(PhysOrg.com) -- Researchers have found evidence that an environmental pollutant may play an important role in causing multiple sclerosis and that a hypertension drug might be used to treat the disease.
The toxin acrolein was elevated by about 60 percent in the spinal cord tissues of mice with a disease similar to multiple sclerosis, said Riyi Shi, a medical doctor and a professor of neuroscience and biomedical engineering in Purdue University's Department of Basic Medical Sciences, School of Veterinary Medicine, Center for Paralysis Research and Weldon School of Biomedical Engineering.
The research results represent the first concrete laboratory evidence for a link between acrolein (pronounced a-KRO-le-an) and multiple sclerosis, he said.
"Only recently have researchers started to understand the details about what acrolein does to the human body," Shi said. "We are studying its effects on the central nervous system, both in trauma and degenerative diseases such as multiple sclerosis."
The compound is an environmental toxin found in air pollutants including tobacco smoke and auto exhaust. Acrolein also is produced within the body after nerve cells are damaged. Previous studies by this research team found that neuronal death caused by acrolein can be prevented by administering the drug hydralazine, an FDA-approved medication used to treat hypertension.
The new findings show that hydralazine also delays onset of multiple sclerosis in mice and reduces the severity of symptoms by neutralizing acrolein.
"The treatment did not cause any serious side effects in the mice," Shi said. "The dosage we used for hydralazine in animals is several times lower than the standard dosing for oral hydralazine in human pediatric patients. Therefore, considering the effectiveness of hydralazine at binding acrolein at such low concentrations, we expect that our study will lead to the development of new neuroprotective therapies for MS that could be rapidly translated into the clinic."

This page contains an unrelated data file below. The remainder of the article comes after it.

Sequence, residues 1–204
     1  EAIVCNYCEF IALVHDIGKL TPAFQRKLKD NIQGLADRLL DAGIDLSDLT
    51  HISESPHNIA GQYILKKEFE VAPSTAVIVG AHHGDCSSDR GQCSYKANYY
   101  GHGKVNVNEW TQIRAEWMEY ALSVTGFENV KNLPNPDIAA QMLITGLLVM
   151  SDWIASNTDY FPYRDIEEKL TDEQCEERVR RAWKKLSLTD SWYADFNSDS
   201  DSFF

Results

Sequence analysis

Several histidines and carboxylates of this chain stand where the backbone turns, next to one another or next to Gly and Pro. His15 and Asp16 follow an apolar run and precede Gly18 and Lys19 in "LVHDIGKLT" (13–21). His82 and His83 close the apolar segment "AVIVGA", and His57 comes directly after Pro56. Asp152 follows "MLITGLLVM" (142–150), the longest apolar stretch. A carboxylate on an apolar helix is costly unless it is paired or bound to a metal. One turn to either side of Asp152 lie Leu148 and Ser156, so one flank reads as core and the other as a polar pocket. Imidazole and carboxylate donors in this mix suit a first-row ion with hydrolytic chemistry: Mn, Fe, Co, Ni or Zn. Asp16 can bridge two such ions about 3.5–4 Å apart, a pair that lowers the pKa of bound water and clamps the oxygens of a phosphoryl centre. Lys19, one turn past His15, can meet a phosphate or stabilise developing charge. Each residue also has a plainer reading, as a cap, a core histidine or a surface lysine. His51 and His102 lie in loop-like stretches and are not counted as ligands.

The researchers also learned the specific chemical signature of the drug that binds to acrolein and neutralizes it, potentially making it possible to create synthetic alternatives with reduced side effects. The studies are detailed in a paper appearing online this month in the journal Neuroscience. The paper was written by doctoral students Gary Leung, Wenjing Sun and Lingxing Zheng; graduate research assistant Melissa Tully, who is an MD-Ph.D. student at Purdue and the Indiana University School of Medicine; postdoctoral researcher Sarah Brookes; and Shi.
In multiple sclerosis, the myelin insulation surrounding nerve cells is destroyed and the nerve fibers themselves are damaged.
"We think that acrolein is what degrades myelin, so if we can block that effect then we can delay the onset of MS and lessen the symptoms," Shi said.
Acrolein induces the production of free radicals, compounds that cause additional injury to tissues after disease or physical trauma.
"We've discovered that acrolein may play a very important role in free radical injury, particularly in multiple sclerosis," Shi said.
The elevated acrolein levels in the MS mice were cut in half when treated with hydralazine. The drug represents a potential long-term therapy to slow the disease's progress.
"To our knowledge, this is the first evidence that acrolein acts as a neurotoxin in MS and also the first time anyone has demonstrated hydralazine to be a neuroprotective drug," Shi said.
Other researchers had previously shown that acrolein damages liver cells and that the damage can be alleviated by hydralazine, leading the Purdue researchers to study its possible effects on spinal cord tissues.
Further research will be conducted, and Shi's group has identified other potential compounds for binding acrolein. The research team, in a possible future collaboration with the Indiana University School of Medicine, also is working to improve the sensitivity of detection methods to measure acrolein levels in people with multiple sclerosis.
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Anti-acrolein Treatment Improves Behavioral Outcome and Alleviates Myelin Damage in EAE Mouse, by Gary Leung et al., Neuroscience.